As shown in FIG. 1, a mounting plate 29 mounts a conventional fluid pump 30. The fluid pump has a drive motor 31 and a discharge conduit 32. The discharge conduit is connected by any suitable means, not shown, to any desired fluid receiving system, not shown. An intake conduit 33 is mounted on the fluid pump 30 by a coupling 34. The intake conduit has a distal end portion 35 mounting an elbow 36 by means of a union 37. The elbow has an externally screw threaded end portion 38.
The apparatus for fluid transfer 10 has three main components. The first is a female or valve assembly 50 shown best in FIGS. 3 and 4. The second is a male assembly or coupling 51, also shown best in FIGS. 3 and 4. The third is a housing removing tool 52 shown in FIG. 10.
The female or valve assembly 50 is coupled to a mounting assembly or collar 60 consisting of an interior ring 61 which is received within the opening 22 of the drum 11 and a crimped portion 62 extending outwardly through the opening and mounted on the peripheral edge 23 bounding the opening in fluid tight relation. The mounting collar has an internally screw threaded bore 63 having internal screw threads 64. Bounding the internally screw threaded bore 63 is a shoulder surface 65.
The valve assembly 50 has a housing 70 having a frustoconical external surface 71 and a substantially flat lower end portion 72. The housing has an upper end portion 73 having external screw threads 74 formed thereabout and a ring groove 75 housing an O-ring 76 inscribed about the upper end portion above the external screw threads. The housing 70 is screw-threadably mounted in the mounting collar 60 by screw threaded engagement of the external screw threads 74 with the internal screw threads 64 of the mounting collar. The housing is thus mounted in fluid tight relation with the mounting collar with the O-ring 76 engaging the shoulder surface 65 in fluid tight engagement.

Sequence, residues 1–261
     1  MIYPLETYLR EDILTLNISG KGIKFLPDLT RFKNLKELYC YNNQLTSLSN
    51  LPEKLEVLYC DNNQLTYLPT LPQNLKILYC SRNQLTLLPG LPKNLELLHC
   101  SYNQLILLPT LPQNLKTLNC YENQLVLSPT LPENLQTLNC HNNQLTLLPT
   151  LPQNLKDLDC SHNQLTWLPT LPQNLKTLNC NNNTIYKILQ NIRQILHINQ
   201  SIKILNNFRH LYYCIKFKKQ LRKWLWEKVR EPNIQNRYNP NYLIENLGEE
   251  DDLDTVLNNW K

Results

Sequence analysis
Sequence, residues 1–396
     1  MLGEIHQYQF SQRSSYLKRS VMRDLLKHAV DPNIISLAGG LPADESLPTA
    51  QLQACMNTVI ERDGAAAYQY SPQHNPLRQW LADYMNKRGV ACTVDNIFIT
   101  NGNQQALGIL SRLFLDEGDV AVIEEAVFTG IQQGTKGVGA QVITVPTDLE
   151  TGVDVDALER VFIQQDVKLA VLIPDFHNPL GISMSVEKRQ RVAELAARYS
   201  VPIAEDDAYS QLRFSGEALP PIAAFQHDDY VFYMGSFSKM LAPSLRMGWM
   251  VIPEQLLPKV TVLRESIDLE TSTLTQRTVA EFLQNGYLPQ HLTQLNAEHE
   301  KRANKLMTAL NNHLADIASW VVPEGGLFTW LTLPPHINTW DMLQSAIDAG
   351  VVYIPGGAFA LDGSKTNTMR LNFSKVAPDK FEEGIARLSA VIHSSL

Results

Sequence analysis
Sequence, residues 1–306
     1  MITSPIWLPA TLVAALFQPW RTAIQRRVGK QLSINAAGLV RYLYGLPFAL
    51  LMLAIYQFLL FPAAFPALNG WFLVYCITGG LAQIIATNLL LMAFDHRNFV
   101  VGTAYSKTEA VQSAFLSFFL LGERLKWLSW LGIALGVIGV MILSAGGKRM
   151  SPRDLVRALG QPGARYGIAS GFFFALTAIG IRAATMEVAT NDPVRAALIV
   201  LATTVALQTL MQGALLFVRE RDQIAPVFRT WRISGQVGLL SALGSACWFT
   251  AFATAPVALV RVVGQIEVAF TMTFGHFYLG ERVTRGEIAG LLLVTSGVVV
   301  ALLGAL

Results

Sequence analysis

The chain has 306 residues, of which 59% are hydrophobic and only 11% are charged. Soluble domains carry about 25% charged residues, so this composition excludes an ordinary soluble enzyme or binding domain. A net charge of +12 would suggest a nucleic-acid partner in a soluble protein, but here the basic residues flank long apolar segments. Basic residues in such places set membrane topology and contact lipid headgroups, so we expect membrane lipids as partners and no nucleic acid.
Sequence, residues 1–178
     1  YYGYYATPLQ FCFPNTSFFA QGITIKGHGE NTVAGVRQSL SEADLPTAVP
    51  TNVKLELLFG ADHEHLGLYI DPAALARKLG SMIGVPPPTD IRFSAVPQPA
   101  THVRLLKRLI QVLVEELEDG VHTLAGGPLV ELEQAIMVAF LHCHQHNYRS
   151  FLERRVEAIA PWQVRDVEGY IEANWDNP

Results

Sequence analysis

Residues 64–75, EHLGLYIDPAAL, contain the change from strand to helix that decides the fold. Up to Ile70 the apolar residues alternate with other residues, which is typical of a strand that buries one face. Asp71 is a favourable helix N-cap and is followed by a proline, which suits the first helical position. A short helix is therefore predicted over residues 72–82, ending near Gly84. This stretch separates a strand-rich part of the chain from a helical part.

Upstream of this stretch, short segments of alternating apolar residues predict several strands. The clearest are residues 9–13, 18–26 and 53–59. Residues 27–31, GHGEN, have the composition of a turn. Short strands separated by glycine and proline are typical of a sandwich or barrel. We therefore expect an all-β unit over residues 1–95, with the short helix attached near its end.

The housing 70 has an internal upper chamber 77 communicating externally of the upper end portion 73 through a mouth 78 bounded by an annular end surface 79 extending about the mouth. As can best be seen upon reference to FIGS. 3 and 4, the annular end surface which constitutes the upper most portion of the housing is recessed from the upper edge 20 of the chime 19 of the drum 11.
The housing 70 has a lower body portion 90 extending from the upper chamber 77 to the lower end portion 72. The lower body portion has a lower surface 91. The lower body portion has an upper surface or floor surface 92 constituting the floor surface of the upper chamber 77.
The housing 70 has a central projection or member 93 having a cylindrical outer surface 94 and a cylindrical internal surface 95. The member has an upper end wall 96 which, in turn, has a central bore or port 97. The port has a substantially cylindrical internal surface 98 containing an annular ring groove 99 housing an O-ring 100. The port is bounded by an annular end surface 101 which, as can best be seen in FIGS. 3 and 4, is substantially coplanar with the annular end surface 79 of the housing. The member 93 thus has a central passage 102 extending entirely therethrough.